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The Cabin

Photos by Grace Camblos

The Cabin
The Cabin

My first trip to the South was during spring break in 1942, at age 14. I took the Southern Crescent from Penn Station in New York to Spartanburg, SC. An employee of my father’s picked me up there, and we drove first to Hendersonville, NC, and then another 10 miles west toward Penrose along Kanuga Road. It turned into Crab Creek Road once you got to the top of Jump Off Mountain.

It was a bright and sunny spring day, with the Carolina blue sky above and mountains to the left and to the right. As we negotiated the dirt road along Crab Creek, we finally got to what eventually became Shoals Falls Farm. There was a broad expanse of bottomland to our left that rose into the hillside and the mountain. It was spotted with small houses and shacks. In the distance stood a small wooden barn.

Shoals Creek
Shoals Creek

Just past a largish house on the left — it turned out to be the Patterson’s house — we turned left onto an even narrower dirt road, crossed over one rickety bridge over Crab Creek, another bridge over Shoals Creek, and passed two houses on the left. I later learned that the first and smaller one was called the Little house, and the larger one the Jack Newton house. Along with my Dad, he had just purchased some property there. Just beyond the houses, past the wooden barn on the left, the road took a jog to the left and then the right, right on up the mountain.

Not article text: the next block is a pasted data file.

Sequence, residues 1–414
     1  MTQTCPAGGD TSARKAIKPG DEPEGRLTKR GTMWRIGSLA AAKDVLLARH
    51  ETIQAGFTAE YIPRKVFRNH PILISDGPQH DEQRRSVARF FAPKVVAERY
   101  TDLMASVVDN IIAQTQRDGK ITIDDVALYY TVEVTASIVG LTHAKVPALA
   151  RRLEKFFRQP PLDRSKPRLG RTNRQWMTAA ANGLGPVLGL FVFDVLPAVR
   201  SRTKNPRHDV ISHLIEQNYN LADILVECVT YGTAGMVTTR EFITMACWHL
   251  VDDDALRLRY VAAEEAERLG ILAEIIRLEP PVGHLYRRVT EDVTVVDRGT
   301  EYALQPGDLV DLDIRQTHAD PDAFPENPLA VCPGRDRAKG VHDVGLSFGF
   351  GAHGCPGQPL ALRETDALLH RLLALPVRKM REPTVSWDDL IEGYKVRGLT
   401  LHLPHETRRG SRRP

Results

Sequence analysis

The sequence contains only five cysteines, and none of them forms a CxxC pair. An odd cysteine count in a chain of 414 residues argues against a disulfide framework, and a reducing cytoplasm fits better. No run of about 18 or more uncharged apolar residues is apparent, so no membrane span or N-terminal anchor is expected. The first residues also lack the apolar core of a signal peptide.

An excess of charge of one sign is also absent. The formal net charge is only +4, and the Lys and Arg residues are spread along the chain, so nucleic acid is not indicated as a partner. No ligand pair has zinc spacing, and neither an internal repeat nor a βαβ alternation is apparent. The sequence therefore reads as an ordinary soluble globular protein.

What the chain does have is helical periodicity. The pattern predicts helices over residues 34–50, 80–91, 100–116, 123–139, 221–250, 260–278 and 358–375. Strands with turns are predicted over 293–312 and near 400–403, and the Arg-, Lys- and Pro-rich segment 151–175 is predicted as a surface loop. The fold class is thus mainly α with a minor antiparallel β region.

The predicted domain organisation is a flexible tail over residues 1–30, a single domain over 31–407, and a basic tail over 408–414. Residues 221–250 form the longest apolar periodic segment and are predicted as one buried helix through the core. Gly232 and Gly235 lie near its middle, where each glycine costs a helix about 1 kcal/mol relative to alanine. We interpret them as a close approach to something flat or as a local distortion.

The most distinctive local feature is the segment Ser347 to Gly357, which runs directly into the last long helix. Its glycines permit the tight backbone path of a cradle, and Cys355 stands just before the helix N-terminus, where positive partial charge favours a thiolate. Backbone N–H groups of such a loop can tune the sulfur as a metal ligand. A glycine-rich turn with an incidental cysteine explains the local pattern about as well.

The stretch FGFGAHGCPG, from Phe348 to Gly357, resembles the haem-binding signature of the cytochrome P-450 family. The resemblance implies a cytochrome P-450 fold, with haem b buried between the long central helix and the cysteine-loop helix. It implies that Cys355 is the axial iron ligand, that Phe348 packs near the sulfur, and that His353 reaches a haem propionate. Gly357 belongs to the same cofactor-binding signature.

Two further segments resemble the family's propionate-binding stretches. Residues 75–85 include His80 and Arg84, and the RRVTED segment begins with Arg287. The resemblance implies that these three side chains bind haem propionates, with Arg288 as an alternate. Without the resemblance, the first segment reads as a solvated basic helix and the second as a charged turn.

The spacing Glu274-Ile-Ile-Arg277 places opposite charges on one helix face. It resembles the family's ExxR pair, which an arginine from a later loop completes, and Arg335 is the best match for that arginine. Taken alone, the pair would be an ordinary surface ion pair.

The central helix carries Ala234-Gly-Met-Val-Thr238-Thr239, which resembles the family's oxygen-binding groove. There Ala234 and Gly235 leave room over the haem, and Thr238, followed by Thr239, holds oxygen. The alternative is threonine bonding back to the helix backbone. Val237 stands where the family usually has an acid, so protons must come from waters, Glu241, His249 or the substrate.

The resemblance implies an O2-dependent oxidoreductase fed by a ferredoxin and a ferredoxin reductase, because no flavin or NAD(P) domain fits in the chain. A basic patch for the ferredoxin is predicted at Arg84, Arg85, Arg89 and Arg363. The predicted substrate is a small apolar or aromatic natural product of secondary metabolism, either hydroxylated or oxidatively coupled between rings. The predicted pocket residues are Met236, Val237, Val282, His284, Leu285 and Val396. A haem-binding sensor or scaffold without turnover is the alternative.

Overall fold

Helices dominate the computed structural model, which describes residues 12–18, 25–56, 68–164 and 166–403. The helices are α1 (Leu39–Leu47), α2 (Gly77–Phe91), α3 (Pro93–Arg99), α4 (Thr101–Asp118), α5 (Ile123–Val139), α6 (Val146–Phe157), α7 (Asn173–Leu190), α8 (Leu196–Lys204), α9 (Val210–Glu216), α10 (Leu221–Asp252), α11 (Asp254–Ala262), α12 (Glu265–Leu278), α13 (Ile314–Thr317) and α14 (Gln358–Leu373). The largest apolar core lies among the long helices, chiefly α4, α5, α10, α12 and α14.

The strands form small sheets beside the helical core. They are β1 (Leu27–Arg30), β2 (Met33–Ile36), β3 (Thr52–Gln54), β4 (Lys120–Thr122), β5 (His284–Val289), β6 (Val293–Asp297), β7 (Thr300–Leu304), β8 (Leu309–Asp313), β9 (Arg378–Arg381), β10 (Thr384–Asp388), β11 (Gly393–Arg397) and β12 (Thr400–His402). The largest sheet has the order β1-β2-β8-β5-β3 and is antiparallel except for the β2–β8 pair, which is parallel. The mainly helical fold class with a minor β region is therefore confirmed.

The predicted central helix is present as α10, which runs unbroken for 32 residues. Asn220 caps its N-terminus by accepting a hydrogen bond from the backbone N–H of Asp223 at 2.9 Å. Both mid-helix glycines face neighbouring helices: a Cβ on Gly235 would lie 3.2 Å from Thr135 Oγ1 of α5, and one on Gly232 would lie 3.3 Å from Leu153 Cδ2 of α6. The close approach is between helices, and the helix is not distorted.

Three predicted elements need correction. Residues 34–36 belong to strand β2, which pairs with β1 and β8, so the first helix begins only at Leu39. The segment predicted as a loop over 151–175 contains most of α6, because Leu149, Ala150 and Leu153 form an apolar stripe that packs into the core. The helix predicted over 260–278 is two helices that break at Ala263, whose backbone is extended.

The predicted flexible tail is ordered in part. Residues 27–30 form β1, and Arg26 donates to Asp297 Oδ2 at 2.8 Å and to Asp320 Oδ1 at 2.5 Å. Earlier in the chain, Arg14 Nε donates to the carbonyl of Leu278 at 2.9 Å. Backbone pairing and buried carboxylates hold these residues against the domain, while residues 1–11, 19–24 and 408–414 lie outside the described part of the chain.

A short distance up the road there was another one that cut back to the left. There were two stone pillars, with the gate between them swung open. Passing through the gate, the road dipped down toward Shoals Creek, then fanned out into a parking area that butted up against the creek, with an old-fashioned gasoline pump standing to one side.  The roads were so shrouded in trees that you couldn’t see the sky. Continue reading “The Cabin”

The Internal Adjustment System: A closer look

The Internal Adjustment System: A closer look

Let’s look at the body as a self-regulating machine to see how it functions to maintain body temperature. Its ability to do that is dependent upon the energy and other inputs required. They must be available. When the system is working the body is able to perform the tasks and produce the outputs required of it. As with all other mammals, a primary function – one necessary for survival – is maintaining its body temperature. For humans typically that is 98.6°F. Humans have developed a bodily system that enables it to maintain that temperature. They are able to do that in spite of considerable variation in the temperature in the external environment. Let us define what we will call the ideal external temperature. It is one that requires the body to expend the least amount of effort and energy to maintain its internal temperature. Let’s assume that it is 68°F. Any lower outside temperature requires more energy. As does any higher one to cool the body off. Continue reading “The Internal Adjustment System: A closer look”